Wednesday, January 14, 2009

On the shelf: The Ruins [so spoilery]

Yeah, so I saw Bugcrush like everybody else, and, like everybody else, I thought it was good. Carter Smith, director of that, got his first studio gig because of it, that gig being Ruins the Movie Experience. Whatever, I just saw the movie, literally, like two seconds ago. What I did before that was slog through the novel. Slog, because it was sitting in my room untouched, me only having read maybe the first quarter of the thing. About a month ago I picked it back up and sort of steadily got through it, until there was about a third left, at which point all I did was read this fucking book. I swear, it was born and raised in Awesometown (Isreal). 

Basically some young kids with lots to live for and very believable personalities go on vacay, meet a Greek and a German, then go on a trizzle to find the German's brother at some the Ruins or whatever. They get there and its all kinds of fucked up. Essentially, Scott Smith, the author, kicked my ass for about 500 hundred pages of mass market paperback (300 or so for trade). This novel is brutal. I usually don't read straight-up horror novels, not in years (I used to covet Bentley Little, Stevey Kingface, and House of Leaves was my favorite up until recently too), but Mr. Smith is an excellent character developer and scenarist. He had me by the balls the entire time. I don't wish I'd written this, but I'm glad that someone has taken horror seriously enough to have done so. Seriously, even if you think you're too good for a scary book, you will be pleased with this, I promise. He makes you feel for these people, and he makes you hope, as they do, that it's going to be okay in some way--maybe it won't be perfect, yeah, life won't be the same, but IT JUST HAS TO BE OKAY in SOME WAY, because that's the it works. That's the way it HAS to work, in life and in a novel with so much dedication obviously put into it. Why would somebody write a book just to slowly allow their characters (who they must live with basically forever) to slowly detiorate, mentally and physically, until they are gone, gone, gone? I guess the answer is 'because he can', because he does it here.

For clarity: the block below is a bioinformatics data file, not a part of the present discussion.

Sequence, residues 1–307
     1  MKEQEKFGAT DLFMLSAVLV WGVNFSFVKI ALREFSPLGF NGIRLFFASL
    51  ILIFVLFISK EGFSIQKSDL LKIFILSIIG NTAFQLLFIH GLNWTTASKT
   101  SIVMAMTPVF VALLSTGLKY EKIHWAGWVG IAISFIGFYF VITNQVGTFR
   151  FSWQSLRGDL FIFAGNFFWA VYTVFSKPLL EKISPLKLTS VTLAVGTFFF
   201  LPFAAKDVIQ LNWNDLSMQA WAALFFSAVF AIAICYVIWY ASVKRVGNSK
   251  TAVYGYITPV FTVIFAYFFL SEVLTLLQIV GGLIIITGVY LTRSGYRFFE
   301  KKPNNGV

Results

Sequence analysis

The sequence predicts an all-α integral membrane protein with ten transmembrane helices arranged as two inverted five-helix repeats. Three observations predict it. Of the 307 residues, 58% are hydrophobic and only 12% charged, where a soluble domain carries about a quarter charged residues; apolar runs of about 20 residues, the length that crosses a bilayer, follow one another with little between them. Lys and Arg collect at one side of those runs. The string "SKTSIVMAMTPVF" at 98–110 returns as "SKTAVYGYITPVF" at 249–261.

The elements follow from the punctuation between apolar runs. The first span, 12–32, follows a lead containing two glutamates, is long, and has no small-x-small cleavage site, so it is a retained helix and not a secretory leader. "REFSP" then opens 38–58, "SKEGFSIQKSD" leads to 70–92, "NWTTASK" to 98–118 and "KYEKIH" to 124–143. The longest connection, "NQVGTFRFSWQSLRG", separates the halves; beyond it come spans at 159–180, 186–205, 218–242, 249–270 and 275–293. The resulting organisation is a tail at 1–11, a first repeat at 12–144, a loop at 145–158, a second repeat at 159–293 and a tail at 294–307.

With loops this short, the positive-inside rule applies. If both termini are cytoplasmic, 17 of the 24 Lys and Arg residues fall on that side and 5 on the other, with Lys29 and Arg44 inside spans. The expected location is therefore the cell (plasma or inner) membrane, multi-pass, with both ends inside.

The movie is okay. Kinda weaksauce maybe? It has some gory imagery, but it's pretty flimsy and needless compared to the steady suspense and muscle of the novel. Whatever--it's what happens when you assume your audience will be made up of retards, I guess. STOP PANDERING. That is all.

Pandering to gays is OK because it is an underutilized pander.

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